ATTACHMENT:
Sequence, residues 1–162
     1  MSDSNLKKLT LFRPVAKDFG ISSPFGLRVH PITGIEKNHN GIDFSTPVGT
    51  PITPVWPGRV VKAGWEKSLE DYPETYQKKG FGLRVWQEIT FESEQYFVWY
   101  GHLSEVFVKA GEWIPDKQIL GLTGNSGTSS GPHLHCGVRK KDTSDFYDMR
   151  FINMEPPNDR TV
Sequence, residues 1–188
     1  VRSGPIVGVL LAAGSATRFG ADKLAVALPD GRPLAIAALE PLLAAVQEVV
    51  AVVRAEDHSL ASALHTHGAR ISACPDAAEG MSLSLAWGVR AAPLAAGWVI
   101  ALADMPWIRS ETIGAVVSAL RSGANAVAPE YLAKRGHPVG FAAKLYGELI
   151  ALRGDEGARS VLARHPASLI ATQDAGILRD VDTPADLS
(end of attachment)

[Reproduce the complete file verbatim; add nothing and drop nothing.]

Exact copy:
Sequence, residues 1–162
     1  MSDSNLKKLT LFRPVAKDFG ISSPFGLRVH PITGIEKNHN GIDFSTPVGT
    51  PITPVWPGRV VKAGWEKSLE DYPETYQKKG FGLRVWQEIT FESEQYFVWY
   101  GHLSEVFVKA GEWIPDKQIL GLTGNSGTSS GPHLHCGVRK KDTSDFYDMR
   151  FINMEPPNDR TV
Sequence, residues 1–188
     1  VRSGPIVGVL LAAGSATRFG ADKLAVALPD GRPLAIAALE PLLAAVQEVV
    51  AVVRAEDHSL ASALHTHGAR ISACPDAAEG MSLSLAWGVR AAPLAAGWVI
   101  ALADMPWIRS ETIGAVVSAL RSGANAVAPE YLAKRGHPVG FAAKLYGELI
   151  ALRGDEGARS VLARHPASLI ATQDAGILRD VDTPADLS